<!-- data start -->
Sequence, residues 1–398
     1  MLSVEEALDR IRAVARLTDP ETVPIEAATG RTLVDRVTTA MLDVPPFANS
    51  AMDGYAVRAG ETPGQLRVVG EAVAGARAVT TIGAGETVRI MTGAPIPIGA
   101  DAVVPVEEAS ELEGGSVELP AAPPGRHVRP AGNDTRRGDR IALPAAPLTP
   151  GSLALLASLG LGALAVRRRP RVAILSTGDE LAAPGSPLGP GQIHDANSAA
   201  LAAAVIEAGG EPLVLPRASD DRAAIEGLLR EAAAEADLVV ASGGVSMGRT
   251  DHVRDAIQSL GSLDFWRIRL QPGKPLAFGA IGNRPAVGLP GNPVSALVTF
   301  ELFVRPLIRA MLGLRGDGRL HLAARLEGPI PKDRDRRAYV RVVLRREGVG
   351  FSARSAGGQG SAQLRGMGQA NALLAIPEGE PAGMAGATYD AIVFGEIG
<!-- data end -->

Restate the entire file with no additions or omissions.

Sequence, residues 1–398
     1  MLSVEEALDR IRAVARLTDP ETVPIEAATG RTLVDRVTTA MLDVPPFANS
    51  AMDGYAVRAG ETPGQLRVVG EAVAGARAVT TIGAGETVRI MTGAPIPIGA
   101  DAVVPVEEAS ELEGGSVELP AAPPGRHVRP AGNDTRRGDR IALPAAPLTP
   151  GSLALLASLG LGALAVRRRP RVAILSTGDE LAAPGSPLGP GQIHDANSAA
   201  LAAAVIEAGG EPLVLPRASD DRAAIEGLLR EAAAEADLVV ASGGVSMGRT
   251  DHVRDAIQSL GSLDFWRIRL QPGKPLAFGA IGNRPAVGLP GNPVSALVTF
   301  ELFVRPLIRA MLGLRGDGRL HLAARLEGPI PKDRDRRAYV RVVLRREGVG
   351  FSARSAGGQG SAQLRGMGQA NALLAIPEGE PAGMAGATYD AIVFGEIG